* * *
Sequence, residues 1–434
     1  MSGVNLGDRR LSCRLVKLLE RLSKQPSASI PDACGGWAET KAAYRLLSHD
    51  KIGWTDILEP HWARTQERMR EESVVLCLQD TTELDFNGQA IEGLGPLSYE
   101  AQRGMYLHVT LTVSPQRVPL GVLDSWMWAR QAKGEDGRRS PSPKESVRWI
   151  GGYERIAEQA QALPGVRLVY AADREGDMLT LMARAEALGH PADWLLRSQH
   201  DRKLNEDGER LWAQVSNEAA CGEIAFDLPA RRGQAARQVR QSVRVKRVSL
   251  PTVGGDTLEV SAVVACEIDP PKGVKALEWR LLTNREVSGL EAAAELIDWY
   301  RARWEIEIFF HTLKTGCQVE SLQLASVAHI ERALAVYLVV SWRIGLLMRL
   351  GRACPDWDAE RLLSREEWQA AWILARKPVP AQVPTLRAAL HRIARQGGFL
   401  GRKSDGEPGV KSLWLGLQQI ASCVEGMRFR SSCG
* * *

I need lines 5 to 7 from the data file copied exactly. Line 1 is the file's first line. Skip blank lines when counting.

   151  GGYERIAEQA QALPGVRLVY AADREGDMLT LMARAEALGH PADWLLRSQH
   201  DRKLNEDGER LWAQVSNEAA CGEIAFDLPA RRGQAARQVR QSVRVKRVSL
   251  PTVGGDTLEV SAVVACEIDP PKGVKALEWR LLTNREVSGL EAAAELIDWY